Live From Internet Retailer: Traditional Catalog Model Shifting For CWDKids

Jun 18, 2009 2:13 AM  By

Boston—Do catalogers still have a future if customers continue to shift their focus to other channels?

Yes, said Tracey Schneider, vice president of e-commerce for children’s products merchant CWDKids.com during a session Tuesday at the Internet Retailer Conference & Exhibition 2009.

But catalogs can no longer be treated as the number-one touch point, just as the Internet cannot be treated like the “red-headed stepchild” as Schneider said CWDKids treated e-commerce in 2003.

And when you throw in touch points such as Facebook, Twitter, affiliate marketing and e-mail marketing, the eco-system for catalogers can get a little muddy.

“Neither channel (e-commerce or catalog) is really number-one for us,” Schneider said. “I really think we as an industry are in a period of transition. No one has figured out how to balance all the touch points, and putting them all together is the biggest challenge.”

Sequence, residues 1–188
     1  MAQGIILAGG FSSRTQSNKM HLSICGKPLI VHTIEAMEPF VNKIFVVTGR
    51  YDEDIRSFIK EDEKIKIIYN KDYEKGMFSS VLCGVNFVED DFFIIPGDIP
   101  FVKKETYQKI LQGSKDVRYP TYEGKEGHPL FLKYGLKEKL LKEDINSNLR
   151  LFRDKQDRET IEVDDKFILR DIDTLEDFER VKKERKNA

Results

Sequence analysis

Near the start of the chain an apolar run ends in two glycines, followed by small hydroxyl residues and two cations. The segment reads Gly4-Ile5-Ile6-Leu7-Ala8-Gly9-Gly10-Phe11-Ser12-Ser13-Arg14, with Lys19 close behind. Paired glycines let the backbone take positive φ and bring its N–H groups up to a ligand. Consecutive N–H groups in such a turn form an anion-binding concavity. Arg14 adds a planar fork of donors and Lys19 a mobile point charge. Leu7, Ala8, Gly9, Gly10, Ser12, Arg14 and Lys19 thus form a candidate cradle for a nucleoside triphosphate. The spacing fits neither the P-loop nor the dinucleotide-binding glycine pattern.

Matchbacks don’t make things any clearer, either, Schneider said. “Everything is overlapping so much, you have to ask yourself how to attribute a sale that went to a customer who gets a catalog, responds to e-mails, and found a coupon code online,” Schneider said. “It’s tough to weave through all that data, but there is no question that the shift continues to grow online.”

Schneider said 17% of all CWDKids orders that came through on the Web had a catalog source code. But she’s not convinced the catalog will completely go away, just that it will take on a different role in marketing.

Though the core mom and grandma customers are getting more Internet savvy, Schneider says customers still like to thumb through catalogs. But now, the CWDKids catalog is used as a traffic driver, to direct shoppers to go online to find more merchandise.

CDWKids did cut its circulation from 15.6 million in 2003 to 12.4 million at the end of 2008, but that’s not just due to channel preferences and list hygiene. Schneider said that is as much the fault of paper companies and the U.S. Postal Service for raising prices and practically discouraging mailers to put books in the mail.

“If they continue to raise prices and keep us from mailing, we’re fine with that,” Schneider said. “We know the catalog is not the only touch point.”